Quebec Jews are breathing a collective sigh of relief with the defeat of the Parti Quebecois following nine years of the separatist party’s rule.
The Liberal Party swept Monday’s provincial election in a landslide, taking 76 seats to the Parti Quebecois’s 45, with the Action Democratique du Quebec party taking the remaining four.
Canadian Jews tend to support the Liberals, who they believe are more supportive of ethnic rights and more appreciative of the Jewish community’s role in building Quebec economically.
Liberal leader Jean Charest, a lawyer who was raised in a bilingual household, has many friends in the Jewish community.
In contrast, the community has had a problematic relationship with the Parti Quebecois. After a referendum on Quebec independence was defeated in 1995, party leader and provincial premier Jacques Parizeau blamed “ethnics and the money vote,” which was seen as a particular slap at the Jewish community.
Parizeau resigned the next day. His successor, Lucien Bouchard, resigned two years ago after an incident where a PQ political candidate cast doubts on the Holocaust and claimed that Jews were always whining about their lot in life.
Institutionally, however, the Jewish community has learned to adapt to whichever party has been in power, even the PQ, according to the two major Jewish organizations in Canada.
“B’nai Brith Canada has always sought, and generally succeeded in developing, good working relationships with all political parties in Canada,” said Joseph Ben Ami, the group’s national communications director. “The Quebec Liberal Party is no exception to this. I knew Mr. Charest when he was in Ottawa and was always impressed by his passion for Canada and determination to do the right thing.”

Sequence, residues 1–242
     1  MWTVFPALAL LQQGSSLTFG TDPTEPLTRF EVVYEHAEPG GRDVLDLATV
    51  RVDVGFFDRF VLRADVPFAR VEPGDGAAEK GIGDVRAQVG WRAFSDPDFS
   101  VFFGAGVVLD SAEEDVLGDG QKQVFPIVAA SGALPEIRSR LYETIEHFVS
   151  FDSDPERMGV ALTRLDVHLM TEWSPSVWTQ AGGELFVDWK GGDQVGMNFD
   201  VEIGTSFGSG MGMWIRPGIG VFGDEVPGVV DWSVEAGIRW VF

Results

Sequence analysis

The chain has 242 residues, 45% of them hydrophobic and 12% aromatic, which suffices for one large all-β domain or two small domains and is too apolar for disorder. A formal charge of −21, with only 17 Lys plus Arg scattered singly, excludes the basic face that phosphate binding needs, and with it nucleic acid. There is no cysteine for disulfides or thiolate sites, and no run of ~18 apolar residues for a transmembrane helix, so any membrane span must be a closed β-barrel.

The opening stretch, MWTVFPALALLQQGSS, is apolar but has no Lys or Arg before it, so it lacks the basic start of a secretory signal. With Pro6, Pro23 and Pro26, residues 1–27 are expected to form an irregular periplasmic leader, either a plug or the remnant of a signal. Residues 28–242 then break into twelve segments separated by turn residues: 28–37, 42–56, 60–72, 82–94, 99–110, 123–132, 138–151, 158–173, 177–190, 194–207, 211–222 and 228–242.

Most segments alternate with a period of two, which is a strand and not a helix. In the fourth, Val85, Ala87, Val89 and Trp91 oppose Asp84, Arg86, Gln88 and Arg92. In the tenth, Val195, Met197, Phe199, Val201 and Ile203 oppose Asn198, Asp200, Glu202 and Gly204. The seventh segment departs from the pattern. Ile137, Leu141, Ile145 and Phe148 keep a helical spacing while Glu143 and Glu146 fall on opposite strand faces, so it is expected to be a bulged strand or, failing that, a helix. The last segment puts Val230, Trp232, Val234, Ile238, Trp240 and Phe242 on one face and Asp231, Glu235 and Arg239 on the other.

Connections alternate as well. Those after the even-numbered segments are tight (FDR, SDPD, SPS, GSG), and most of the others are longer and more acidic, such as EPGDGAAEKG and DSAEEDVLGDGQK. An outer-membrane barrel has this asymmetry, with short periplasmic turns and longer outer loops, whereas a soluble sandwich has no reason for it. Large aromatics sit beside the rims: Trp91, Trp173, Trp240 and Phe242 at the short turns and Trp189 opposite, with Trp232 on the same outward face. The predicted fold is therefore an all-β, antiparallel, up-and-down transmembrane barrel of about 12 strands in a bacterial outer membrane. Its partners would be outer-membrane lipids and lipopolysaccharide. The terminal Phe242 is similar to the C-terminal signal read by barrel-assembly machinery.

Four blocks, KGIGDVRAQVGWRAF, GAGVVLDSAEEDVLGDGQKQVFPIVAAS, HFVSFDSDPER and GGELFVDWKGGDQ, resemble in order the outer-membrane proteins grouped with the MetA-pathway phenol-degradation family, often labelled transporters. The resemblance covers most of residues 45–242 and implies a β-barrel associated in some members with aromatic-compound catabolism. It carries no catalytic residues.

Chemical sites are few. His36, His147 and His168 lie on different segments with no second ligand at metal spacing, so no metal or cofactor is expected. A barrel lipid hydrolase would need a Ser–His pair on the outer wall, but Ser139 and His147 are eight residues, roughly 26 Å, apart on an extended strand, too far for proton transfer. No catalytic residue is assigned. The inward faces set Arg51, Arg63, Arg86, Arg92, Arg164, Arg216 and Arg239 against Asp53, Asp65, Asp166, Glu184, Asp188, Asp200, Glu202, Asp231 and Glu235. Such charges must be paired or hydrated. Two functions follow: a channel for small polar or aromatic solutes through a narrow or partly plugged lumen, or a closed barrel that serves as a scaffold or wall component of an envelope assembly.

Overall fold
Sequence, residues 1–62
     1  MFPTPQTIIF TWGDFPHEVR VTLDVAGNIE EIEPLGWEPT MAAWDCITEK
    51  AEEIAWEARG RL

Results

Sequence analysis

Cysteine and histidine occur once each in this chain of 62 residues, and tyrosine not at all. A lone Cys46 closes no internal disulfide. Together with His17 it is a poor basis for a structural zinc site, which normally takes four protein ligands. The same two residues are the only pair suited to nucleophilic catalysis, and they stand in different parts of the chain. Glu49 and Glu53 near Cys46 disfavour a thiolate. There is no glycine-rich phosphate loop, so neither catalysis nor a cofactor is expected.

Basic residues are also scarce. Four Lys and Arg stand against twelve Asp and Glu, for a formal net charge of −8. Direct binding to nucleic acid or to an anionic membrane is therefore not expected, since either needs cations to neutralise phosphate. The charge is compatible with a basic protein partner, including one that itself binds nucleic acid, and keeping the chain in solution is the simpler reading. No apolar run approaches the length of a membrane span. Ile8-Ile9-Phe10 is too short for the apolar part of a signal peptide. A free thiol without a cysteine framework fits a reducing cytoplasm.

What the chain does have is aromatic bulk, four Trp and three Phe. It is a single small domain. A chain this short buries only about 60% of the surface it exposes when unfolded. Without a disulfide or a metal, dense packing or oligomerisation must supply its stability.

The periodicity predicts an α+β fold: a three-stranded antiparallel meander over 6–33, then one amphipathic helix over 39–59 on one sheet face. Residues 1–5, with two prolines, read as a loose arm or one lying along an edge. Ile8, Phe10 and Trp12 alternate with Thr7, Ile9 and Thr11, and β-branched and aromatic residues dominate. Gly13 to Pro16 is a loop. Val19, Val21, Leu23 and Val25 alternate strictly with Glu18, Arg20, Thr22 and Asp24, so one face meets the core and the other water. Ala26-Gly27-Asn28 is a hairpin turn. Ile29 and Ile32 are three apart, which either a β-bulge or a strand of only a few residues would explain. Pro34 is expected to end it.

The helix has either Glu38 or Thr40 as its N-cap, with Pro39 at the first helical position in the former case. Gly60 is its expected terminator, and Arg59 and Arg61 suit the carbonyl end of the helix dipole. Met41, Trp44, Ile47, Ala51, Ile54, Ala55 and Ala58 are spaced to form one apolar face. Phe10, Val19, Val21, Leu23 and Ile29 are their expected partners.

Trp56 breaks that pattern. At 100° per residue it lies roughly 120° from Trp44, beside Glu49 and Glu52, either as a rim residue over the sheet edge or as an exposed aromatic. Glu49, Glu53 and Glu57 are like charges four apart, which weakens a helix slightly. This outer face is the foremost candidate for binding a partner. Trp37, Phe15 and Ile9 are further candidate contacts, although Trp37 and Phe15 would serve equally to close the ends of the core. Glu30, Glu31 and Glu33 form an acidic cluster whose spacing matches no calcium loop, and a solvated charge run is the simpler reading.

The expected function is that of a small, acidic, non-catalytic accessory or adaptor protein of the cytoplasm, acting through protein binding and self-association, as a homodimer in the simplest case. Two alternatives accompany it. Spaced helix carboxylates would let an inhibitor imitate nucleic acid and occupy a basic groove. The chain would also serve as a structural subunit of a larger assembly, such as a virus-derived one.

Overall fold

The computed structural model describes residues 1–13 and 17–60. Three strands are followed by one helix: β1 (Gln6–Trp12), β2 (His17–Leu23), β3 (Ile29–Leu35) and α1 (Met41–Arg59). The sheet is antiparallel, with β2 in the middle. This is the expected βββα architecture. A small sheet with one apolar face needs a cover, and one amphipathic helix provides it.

Regarding the PQ’s record on Jews and other minorities, Ben Ami said a certain negative perception may have been valid.
“There were certainly some incidents where public figures associated with the PQ made unfortunate derogatory remarks concerning Jews and other ethnic groups, but I think these were, for the most part, isolated incidents,” he said.
He added, however, “To the extent that the relationship between Quebec’s ethnic communities and the PQ were harmed by these incidents, there is some healing to do. There are some outstanding and unique concerns that I think the Jewish community has that will need to be addressed.” He named, for example, anti-Semitism on Canadian college campuses.
“It remains to be seen whether the new government will be more or less responsive to these specific issues than the previous one,” Ben Ami said. “Only time will tell.”
Joseph Gabay, chairman of the Canadian Jewish Congress, Quebec Region, praised the way that Bernard Landry, the PQ leader and Quebec premier, had handled Jewish concerns.
“He has always had our welfare at heart,” Gabay said. “After Sept. 11 he called me personally, gave me his cell- phone number and offered his assistance to the Jewish community whenever we needed it.”
Gabay said the community was most concerned about the way the new government would handle issues of anti-Semitism, education and health care.
“Mr. Charest made it clear that improving the Quebec health-care system is his priority, which we see as a very good thing,” Gabay said. “We hope his leadership will also result in his government closing the gap in funding between the public school system at large and the Jewish private-school system. And I expect that he will continue to denounce anti-Semitism, as well as any type of racism and the exclusion of minorities.”
The Archive of the Jewish Telegraphic Agency includes articles published from 1923 to 2008. Archive stories reflect the journalistic standards and practices of the time they were published.